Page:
US court orders N. Korea to pay $501m in student’s death

US court orders N. Korea to pay $501m in student’s death

US court orders N. Korea to pay $501m in student's deathWashington : A federal judge in Washington ordered North Korea to pay $501 million to the parents of Otto Warmbier, holding the country accountable for the “barbaric mistreatment” and death of the University of Virginia student in 2017.

Chief Judge Beryl A. Howell of the US District Court for the District of Columbia ruled on Monday that North Korea should pay damages to Fred and Cindy Warmbier, the parents of the student who died shortly after being released from a North Korean prison.

Warmbier was visiting North Korea with a tour group when he was arrested and sentenced to 15 years of hard labour in March 2016 on suspicion of stealing a propaganda poster. He died in June 2017, shortly after he returned to the US in a coma and showing apparent signs of torture while in custody.

Warmbier’s parents had filed a wrongful death suit against North Korean leader Kim Jong-un in April and appeared in court last week for the first hearing.

They sued the North Korean government for more than $1 billion, saying they were seeking “closure” and wanted to “obtain justice for the severe injuries” they say their son and family suffered.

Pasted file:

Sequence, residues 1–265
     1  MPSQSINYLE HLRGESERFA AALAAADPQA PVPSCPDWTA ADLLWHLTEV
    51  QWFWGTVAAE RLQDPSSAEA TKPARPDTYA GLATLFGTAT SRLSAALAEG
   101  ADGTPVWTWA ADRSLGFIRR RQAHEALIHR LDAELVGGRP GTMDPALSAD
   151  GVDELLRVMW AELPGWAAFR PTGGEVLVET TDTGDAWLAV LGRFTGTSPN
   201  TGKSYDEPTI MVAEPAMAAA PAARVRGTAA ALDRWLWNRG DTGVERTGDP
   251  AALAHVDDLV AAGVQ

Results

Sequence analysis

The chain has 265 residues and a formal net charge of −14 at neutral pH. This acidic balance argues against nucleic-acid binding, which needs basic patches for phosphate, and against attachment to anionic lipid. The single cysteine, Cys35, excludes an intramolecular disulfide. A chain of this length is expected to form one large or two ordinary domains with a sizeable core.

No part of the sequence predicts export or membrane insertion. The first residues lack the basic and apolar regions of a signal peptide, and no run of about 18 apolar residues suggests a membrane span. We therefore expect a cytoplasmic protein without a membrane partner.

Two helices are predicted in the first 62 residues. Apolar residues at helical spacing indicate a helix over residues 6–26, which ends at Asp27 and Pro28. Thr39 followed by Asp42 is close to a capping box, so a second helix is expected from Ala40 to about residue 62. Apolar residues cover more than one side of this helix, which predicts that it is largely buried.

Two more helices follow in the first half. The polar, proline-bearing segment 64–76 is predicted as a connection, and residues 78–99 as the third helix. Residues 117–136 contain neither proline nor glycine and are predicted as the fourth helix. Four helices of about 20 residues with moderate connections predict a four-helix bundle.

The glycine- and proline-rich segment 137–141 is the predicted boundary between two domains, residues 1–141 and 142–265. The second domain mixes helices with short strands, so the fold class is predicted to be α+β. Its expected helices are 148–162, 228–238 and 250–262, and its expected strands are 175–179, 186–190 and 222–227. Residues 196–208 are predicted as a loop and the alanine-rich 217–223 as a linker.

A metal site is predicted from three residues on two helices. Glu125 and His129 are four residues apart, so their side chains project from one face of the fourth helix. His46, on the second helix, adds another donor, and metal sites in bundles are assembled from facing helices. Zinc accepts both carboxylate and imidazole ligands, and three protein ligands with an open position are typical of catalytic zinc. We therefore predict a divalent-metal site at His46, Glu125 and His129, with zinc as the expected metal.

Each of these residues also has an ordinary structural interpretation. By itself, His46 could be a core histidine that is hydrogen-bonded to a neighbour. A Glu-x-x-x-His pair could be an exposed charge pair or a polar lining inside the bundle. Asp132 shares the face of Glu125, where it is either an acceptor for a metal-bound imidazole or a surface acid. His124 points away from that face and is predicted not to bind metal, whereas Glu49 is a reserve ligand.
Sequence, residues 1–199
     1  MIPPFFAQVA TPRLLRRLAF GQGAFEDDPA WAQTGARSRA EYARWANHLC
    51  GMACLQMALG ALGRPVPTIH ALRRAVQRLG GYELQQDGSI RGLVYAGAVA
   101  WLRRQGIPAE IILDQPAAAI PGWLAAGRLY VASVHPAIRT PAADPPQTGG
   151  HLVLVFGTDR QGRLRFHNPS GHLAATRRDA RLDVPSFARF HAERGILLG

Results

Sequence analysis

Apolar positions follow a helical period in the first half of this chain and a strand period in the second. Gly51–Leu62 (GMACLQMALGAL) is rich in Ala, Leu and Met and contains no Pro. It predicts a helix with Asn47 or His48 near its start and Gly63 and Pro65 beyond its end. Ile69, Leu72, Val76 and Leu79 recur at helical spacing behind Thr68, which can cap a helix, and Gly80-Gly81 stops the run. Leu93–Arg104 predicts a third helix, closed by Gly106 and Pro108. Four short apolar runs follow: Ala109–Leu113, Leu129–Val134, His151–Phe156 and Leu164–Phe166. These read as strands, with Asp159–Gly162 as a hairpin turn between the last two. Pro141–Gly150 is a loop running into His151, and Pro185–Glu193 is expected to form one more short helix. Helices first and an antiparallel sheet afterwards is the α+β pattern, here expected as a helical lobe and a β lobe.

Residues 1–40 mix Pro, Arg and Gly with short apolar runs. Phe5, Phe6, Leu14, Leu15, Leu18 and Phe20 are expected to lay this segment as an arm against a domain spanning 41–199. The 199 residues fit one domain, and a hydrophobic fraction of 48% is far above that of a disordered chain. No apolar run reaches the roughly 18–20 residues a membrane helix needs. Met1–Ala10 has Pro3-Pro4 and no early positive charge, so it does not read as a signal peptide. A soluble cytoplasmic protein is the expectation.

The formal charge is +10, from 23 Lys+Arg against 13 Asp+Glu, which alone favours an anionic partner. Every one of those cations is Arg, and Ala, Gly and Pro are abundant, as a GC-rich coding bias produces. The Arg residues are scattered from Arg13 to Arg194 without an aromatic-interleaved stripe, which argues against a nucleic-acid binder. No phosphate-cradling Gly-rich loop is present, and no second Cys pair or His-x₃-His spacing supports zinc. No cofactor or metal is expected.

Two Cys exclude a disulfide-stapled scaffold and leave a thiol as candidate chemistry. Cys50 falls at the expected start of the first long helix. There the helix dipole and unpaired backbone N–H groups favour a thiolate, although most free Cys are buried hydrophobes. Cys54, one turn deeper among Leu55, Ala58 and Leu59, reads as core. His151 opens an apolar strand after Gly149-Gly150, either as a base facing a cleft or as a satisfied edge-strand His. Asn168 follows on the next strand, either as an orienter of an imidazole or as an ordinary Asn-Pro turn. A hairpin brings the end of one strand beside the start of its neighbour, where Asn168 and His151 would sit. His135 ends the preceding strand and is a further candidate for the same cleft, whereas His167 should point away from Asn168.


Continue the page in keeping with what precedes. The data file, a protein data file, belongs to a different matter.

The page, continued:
Howell found North Korea liable for “the torture, hostage taking and extrajudicial killing of Otto Warmbier” as well as the injuries to his parents.

“An American family, the Warmbiers, experienced North Korea’s brutality first-hand when North Korea seized their son to use as a pawn in that totalitarian state’s global shenanigans and face-off with the US,” the judge said.

Howell demanded from North Korea $450 million in punitive damages as well as $51 million for the personal anguish and economic loss both Warmbier and his parents experienced, the Washington Post reported.

The ruling, however, was mainly symbolic as North Korea was unlikely to pay the damages.

Before Warmbier went on what was intended to be a short visit to North Korea with a tour group, Howell said: “he was a healthy, athletic student of economics and business in his junior year at the University of Virginia, with ‘big dreams’ and both the smarts and people skills to make him his high school class salutatorian, homecoming king and prom king.

“… He was blind, deaf, and brain dead when North Korea turned him over to US government officials for his final trip home.”

In a statement, Warmbier’s parents thanked Howell and called the decision a “significant step on our journey”.

“We are thankful that the US has a fair and open judicial system so that the world can see that the Kim regime is legally and morally responsible for Otto’s death. We put ourselves and our family through the ordeal of a lawsuit and public trial because we promised Otto that we will never rest until we have justice for him,” the couple said.